Saturday, April 04, 2009

String Trio of New York Concert

Normally, my social anxiety problems keep me from attending live concerts, but when a grant brought the String Trio of New York to my Library, I didn't have any excuses to keep me from going. The longstanding band who recently celebrated their twentieth anniversary consists of James Emery on guitar, John Lindberg on bass and Rob Thomas on guitar. It was interesting and a little amusing to see a band who had played famous concert halls all around the world rehearsing in our staff kitchen and then setting up their music stands by the magazine rack in the reading room. They drew a pretty respectable crowd of about fifty people despite frequent downpours of rain during the day. Set one consisted of a lecture demonstration of what the band and their music was all about. They opened with a nice composition from a recently composed suite called "First Light", which was followed by talk, answering questions explaining what they do and how their music is similar and different to swing musicians the predominantly senior citizen audience was familiar with. A neat example of free improvisation followed and then the group explained about listening to each other and responding to what each was playing in real time. An excerpt of movement three from the "First Light" suite followed with discussion about improvisation and its role in their music. After an intermission the band returned to play a concert, beginning with a Duke Ellington composition called "Heaven," a gentle, yearning and melodic song which was ironically accompanied by a massive downpour of rain rattling and slapping against the windows and roof. A portion of the "First Light" suite called "E-Pedal" was performed next and featured a nice swirling guitar solo. To show the audience how each performance of a particular piece was different, the group played "First Light" movement three again, and this version was longer with a sweet sounding violin feature. Lindberg used his bass as percussion, slapping the body and popping the strings. They moved into a pointillist abstract improvisation, before building back to melody. A Lindberg composition called "Time" opening with a bass solo, followed by the other instruments entering slowly with a wide open feel. Another Lindberg composition concluded the concert, "The Anticipator" where the music kept building and buzzing, moving through different short sections that didn't resolve, but kept the anticipation of resolution hanging. There was a bowed bass solo, a very intense violin solo before a wild free ending. This was a very nice performance and I thought it was quite successful. Most of the audience stuck with it for the duration which is good, because I was worried that the challenging music might drive them away. If you get a chance to see this group live, definitely do so, the music was very exciting.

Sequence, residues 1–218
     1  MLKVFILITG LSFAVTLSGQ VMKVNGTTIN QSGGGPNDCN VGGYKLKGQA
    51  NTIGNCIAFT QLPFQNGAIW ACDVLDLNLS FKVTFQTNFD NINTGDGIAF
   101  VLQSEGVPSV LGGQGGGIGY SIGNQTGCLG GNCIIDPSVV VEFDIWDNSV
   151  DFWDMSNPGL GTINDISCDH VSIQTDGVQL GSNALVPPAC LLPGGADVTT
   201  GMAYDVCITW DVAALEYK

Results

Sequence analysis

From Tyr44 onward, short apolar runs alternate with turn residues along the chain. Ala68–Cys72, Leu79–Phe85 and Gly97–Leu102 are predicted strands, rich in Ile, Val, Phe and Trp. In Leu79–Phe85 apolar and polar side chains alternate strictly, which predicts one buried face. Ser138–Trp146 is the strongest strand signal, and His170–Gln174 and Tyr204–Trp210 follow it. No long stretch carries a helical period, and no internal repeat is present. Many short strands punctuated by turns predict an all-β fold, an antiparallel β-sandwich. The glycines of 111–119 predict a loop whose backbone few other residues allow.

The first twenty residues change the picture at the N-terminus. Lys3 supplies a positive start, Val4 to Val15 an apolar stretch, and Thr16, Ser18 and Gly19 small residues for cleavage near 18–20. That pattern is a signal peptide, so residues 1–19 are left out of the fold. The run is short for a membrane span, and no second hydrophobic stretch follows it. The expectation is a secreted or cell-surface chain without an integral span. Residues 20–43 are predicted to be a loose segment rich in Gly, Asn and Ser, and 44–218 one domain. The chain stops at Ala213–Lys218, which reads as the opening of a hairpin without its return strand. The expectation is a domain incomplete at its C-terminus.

String Trio of New York - amazon.com

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